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Part I Baroness Emmuska Orczy

IX What Love Can Do

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This certainly was the first time in the whole of his experience that Heron had been asked to stay and drink coffee with the quarry he was hunting down. Mademoiselle's innocent little ways, her desire for the prolongation of his visit, further addled his brain. De Batz had undoubtedly spoken of an Englishman, and the cousin from Orleans was certainly a Frenchman every inch of him.

Perhaps had the denunciation come from any one else but de Batz, Heron might have acted and thought more circumspectly; but, of course, the chief agent of the Committee of General Security was more suspicious of the man from whom he took a heavy bribe than of any one else in France. The thought had suddenly crossed his mind that mayhap de Batz had sent him on a fool's errand in order to get him safely out of the way of the Temple prison at a given hour of the day.

The thought took shape, crystallised, caused him to see a rapid vision of de Batz sneaking into his lodgings and stealing his keys, the guard being slack, careless, inattentive, allowing the adventurer to pass barriers that should have been closed against all comers.

Now Heron was sure of it; it was all a conspiracy invented by de Batz. He had forgotten all about his theories that a man under arrest is always safer than a man that is free. Had his brain been quite normal, and not obsessed, as it always was now by thoughts of the Dauphin's escape from prison, no doubt he would have been more suspicious of Armand, but all his worst suspicions were directed against de Batz. Armand seemed to him just a fool, an actor quoi? and so obviously not an Englishman.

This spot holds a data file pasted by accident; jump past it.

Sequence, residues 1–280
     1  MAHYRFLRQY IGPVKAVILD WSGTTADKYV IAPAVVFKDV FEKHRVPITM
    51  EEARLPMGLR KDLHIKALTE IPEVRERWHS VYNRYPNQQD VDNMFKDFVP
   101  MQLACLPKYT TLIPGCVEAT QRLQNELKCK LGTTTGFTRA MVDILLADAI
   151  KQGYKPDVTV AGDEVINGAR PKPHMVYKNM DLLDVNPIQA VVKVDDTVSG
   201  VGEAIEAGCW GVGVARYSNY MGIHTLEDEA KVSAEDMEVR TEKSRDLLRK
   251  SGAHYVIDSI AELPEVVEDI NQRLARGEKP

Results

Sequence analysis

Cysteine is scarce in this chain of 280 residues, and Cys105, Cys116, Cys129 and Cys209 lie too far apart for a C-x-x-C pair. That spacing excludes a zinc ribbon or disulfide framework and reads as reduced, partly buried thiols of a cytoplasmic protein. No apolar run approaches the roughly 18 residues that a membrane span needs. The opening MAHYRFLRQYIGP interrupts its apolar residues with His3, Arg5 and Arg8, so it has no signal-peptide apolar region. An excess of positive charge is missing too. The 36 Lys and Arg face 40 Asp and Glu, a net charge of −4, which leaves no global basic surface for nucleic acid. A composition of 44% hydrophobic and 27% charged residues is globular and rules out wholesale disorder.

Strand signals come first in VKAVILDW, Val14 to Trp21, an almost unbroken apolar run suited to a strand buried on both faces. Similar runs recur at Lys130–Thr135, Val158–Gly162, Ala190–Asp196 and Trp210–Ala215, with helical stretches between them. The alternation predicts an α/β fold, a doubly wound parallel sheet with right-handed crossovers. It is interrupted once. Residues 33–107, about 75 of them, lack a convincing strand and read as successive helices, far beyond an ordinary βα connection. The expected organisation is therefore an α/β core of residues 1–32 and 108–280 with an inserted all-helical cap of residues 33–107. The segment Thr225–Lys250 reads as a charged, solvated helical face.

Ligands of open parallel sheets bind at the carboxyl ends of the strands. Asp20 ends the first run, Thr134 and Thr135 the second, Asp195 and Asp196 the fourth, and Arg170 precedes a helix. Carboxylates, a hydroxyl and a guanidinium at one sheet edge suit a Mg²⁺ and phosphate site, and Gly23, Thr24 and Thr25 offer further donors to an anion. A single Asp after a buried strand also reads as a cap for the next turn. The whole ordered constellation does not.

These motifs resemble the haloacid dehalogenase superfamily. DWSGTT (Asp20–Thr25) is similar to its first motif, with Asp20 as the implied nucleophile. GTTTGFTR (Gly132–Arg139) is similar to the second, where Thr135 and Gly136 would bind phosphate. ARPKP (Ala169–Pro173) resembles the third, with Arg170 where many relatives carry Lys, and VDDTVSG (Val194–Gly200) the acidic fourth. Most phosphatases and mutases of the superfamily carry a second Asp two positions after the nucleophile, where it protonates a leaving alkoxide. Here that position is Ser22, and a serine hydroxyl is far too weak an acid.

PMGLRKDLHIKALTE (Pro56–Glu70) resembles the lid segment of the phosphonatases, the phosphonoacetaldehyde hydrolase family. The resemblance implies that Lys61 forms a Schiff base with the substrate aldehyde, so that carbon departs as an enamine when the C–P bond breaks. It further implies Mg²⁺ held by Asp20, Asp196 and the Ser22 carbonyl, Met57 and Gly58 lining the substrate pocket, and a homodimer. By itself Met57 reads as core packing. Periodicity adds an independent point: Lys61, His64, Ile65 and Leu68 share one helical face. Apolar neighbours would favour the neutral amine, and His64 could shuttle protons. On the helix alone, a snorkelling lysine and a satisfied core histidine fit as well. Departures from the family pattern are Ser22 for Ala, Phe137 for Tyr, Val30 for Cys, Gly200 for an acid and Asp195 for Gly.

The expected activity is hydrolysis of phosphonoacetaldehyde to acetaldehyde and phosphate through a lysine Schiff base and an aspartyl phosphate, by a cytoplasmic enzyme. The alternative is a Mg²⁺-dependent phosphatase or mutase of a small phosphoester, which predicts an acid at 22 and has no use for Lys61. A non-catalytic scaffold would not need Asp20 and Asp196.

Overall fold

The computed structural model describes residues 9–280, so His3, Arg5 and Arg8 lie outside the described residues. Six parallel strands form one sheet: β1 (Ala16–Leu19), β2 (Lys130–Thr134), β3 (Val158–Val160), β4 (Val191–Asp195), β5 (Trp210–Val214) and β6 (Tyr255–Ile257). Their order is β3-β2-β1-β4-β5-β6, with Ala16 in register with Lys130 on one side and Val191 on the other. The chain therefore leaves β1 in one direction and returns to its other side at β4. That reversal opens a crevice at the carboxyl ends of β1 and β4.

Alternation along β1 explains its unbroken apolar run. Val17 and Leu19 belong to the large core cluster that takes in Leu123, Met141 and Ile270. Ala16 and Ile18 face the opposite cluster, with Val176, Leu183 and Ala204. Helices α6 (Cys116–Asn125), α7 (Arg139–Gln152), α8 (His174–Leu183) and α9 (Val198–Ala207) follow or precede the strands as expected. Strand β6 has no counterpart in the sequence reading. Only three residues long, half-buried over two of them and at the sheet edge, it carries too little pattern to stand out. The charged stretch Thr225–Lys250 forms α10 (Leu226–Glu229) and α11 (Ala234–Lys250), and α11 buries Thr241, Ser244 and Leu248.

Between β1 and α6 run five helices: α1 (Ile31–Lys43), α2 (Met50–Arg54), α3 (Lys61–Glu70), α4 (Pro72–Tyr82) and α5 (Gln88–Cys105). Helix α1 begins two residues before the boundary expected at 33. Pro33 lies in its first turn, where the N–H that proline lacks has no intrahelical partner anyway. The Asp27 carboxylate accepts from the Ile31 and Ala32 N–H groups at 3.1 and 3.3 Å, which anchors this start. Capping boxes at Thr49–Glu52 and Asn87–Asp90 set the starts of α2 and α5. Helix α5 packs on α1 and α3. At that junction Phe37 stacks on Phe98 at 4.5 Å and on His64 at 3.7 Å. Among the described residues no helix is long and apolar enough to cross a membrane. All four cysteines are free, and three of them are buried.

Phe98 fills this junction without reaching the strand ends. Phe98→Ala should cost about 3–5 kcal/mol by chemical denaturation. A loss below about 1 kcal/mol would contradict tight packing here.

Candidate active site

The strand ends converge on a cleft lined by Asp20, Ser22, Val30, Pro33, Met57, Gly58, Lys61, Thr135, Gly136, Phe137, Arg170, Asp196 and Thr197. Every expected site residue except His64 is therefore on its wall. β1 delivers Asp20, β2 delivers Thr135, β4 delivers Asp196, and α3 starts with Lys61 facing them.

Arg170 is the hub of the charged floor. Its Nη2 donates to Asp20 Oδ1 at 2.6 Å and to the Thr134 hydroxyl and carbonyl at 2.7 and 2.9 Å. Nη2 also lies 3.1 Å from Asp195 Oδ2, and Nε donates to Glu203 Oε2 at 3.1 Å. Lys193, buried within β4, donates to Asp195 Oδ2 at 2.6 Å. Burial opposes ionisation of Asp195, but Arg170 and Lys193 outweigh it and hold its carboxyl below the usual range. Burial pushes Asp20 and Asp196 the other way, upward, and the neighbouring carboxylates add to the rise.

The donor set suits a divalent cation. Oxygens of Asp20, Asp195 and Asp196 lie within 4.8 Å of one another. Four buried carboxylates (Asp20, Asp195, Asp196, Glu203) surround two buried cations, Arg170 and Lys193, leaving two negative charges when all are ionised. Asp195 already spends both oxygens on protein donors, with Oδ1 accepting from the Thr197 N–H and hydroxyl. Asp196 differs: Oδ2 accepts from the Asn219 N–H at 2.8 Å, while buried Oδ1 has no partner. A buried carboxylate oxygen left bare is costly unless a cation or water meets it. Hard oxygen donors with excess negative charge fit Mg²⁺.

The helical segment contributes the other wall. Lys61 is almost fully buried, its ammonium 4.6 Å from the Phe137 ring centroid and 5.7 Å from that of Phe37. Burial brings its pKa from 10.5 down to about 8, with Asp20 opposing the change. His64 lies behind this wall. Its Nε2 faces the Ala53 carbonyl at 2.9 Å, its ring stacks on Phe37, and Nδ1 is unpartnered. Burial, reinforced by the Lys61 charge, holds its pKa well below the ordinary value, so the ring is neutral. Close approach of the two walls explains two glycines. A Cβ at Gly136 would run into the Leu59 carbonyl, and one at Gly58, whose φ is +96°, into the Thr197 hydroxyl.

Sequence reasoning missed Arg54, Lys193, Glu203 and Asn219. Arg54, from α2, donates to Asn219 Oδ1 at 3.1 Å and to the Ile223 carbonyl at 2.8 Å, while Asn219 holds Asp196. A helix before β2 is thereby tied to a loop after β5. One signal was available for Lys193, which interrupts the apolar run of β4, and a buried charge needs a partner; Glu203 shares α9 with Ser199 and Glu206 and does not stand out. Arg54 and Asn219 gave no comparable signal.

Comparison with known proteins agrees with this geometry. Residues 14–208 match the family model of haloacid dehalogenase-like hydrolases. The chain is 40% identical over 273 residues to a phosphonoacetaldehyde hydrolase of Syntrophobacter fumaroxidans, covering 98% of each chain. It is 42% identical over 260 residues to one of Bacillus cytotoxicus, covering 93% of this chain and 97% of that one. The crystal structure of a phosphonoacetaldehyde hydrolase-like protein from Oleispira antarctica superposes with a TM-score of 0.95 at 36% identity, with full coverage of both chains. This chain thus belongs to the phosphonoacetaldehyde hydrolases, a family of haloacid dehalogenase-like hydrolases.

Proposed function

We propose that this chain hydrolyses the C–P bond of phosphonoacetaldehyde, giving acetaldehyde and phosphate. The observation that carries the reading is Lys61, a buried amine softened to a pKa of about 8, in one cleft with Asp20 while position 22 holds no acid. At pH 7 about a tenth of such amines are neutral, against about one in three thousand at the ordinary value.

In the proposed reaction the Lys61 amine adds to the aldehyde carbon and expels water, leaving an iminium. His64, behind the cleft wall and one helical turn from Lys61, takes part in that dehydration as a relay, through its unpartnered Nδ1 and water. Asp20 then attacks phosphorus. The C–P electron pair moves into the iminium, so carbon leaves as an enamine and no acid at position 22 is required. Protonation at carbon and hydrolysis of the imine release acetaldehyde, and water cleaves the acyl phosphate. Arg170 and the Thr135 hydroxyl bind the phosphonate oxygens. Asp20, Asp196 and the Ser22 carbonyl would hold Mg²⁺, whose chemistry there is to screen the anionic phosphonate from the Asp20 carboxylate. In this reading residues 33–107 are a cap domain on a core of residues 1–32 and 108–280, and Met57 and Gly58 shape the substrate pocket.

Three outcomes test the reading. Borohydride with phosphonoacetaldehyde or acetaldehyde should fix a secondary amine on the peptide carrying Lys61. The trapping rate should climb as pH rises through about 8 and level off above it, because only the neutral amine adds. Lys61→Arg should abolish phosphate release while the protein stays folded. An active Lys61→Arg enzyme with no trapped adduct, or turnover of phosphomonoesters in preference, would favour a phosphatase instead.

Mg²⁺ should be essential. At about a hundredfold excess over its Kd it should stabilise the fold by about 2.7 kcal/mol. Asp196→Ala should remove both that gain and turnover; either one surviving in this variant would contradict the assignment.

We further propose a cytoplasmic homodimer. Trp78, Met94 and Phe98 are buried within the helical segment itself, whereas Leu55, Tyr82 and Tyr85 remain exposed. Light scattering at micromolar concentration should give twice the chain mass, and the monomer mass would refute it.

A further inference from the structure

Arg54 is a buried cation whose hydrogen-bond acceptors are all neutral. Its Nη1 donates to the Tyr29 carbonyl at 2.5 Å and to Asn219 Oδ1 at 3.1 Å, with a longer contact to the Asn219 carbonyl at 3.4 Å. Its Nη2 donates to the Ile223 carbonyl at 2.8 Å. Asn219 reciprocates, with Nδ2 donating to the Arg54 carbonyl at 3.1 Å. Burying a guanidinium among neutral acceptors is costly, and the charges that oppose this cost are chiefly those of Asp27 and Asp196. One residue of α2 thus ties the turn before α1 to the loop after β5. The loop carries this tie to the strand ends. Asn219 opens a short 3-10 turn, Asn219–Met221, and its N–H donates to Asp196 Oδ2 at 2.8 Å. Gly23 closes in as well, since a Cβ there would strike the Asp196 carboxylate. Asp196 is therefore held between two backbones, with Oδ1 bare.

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He jumped to his feet, curtly declining mademoiselle's offers of hospitality. He wanted to get away at once. Actors and actresses were always, by tacit consent of the authorities, more immune than the rest of the community. They provided the only amusement in the intervals of the horrible scenes around the scaffolds; they were irresponsible, harmless creatures who did not meddle in politics.

Jeanne the while was gaily prattling on, her luminous eyes fixed upon the all-powerful enemy, striving to read his thoughts, to understand what went on behind those cruel, prominent eyes, the chances that Armand had of safety and of life.

She knew, of course, that the visit was directed against Armand--some one had betrayed him, that odious de Batz mayhap--and she was fighting for Armand's safety, for his life. Her armoury consisted of her presence of mind, her cool courage, her self-control; she used all these weapons for his sake, though at times she felt as if the strain on her nerves would snap the thread of life in her. The effort seemed more than she could bear.

But she kept up her part, rallying Heron for the shortness of his visit, begging him to tarry for another five minutes at least, throwing out--with subtle feminine intuition--just those very hints anent little Capet's safety that were most calculated to send him flying back towards the Temple.

"I felt so honoured last night, citizen," she said coquettishly, "that you even forgot little Capet in order to come and watch my debut as Celimene."

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El Dorado
Baroness Emmuska Orczy

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